have betterhat you wages in your value chain, or better conditions, but are these conditions good enough? it is a continuously moving playing field. christ you think because people share more information, is there an age group that is more obvious in sustaining the goals. absence ofook at the government, the world has become so interdependent, it is very difficult for government to work under a system. designeditutions were at the time of a percent of the world at europe and u.s.. now that the world as much of global, we have seen a shift to the east. these institutions have not yet really adjusted. we have a challenge for all of us. it is not really to bring the politicians down. what you really see is that business needs to step up.
what you see a citizens in this world, but wealth might be concentrated in a few people. 70% of the citizens of this world have access to a mobile phone. over half of them have access to the internet. most of the phones are smart phones. increasingly, they realize they are connected. there are a enormous movements of driving change in the country. there are many examples of that. the groups that drive it is the millennial. millennials actually want work for a big corporation. because of the issue of trust or transparency. it is the same with government. millennials also say it is fine. we have a certain level of well-being, but what i'm looking for is more meaning.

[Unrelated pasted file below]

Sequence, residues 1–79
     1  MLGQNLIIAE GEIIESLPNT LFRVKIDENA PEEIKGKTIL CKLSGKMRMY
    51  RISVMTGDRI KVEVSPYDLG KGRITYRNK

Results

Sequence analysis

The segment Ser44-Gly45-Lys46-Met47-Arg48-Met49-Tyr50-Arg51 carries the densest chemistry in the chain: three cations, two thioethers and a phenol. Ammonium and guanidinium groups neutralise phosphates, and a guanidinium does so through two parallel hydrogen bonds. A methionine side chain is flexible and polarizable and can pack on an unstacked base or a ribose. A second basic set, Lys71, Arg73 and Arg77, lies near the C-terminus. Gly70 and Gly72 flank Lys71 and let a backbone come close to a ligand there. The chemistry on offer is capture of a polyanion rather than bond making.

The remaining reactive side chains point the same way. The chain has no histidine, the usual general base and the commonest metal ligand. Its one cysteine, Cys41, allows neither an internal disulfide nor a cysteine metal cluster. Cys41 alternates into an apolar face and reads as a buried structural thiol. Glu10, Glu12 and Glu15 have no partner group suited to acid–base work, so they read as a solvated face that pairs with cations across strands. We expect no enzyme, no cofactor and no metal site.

they tend to look and seek out companies that have that purpose. they put the business model in place. we are the most looked up company after linkedin or google. we get one million people kind of you. then, we look at the people who come in in the engagement scores we get. it is driven by a positive business model. impacting the right people and energizing the correct people is a key ingredient for long-term success. what is your water footprint? what is her carbon footprint? that not only makes you more accountable because of that transparency, it also gives more information to the financial markets, in this case there is a lower risk for them. ofre's probably a lower cost capital. that results in a higher return as well. >> not make people understand that.
we talk about purpose building a business, does this come from you? does it come in a turning point? wanted you realize this has to be done? i always felt that we are not here for ourselves. the role of business is to serve society. they even called it the life one outvictoria britain of two babies did not make it past the age of one because of issues of hygiene. they're the same issues as africa or sub sahara africa. duty asthat it is our leaders in this world to set an example and be sure that we are driven just by shareholders, but that we are driven by the needs of consumers, and if we cater to them very well, business will perform. you must be disappointed that
nuts more ceos think like you. paul: you cannot sit here and get frustrated by the attitudes of others or the speed with which things move. you should just continue to focus on bringing the right people together and moving these barriers. sometimes, you think why can we move faster? whom i to judge? the best thing to show is that we can have a business model where we do well, but also do good for the shareholders. that, the more we see other people work. one of the reasons that you see is reallyes with ceos because a lot of the ceos are not equipped for the challenges of today's world. >> which are what? paul: faster moving, more compact.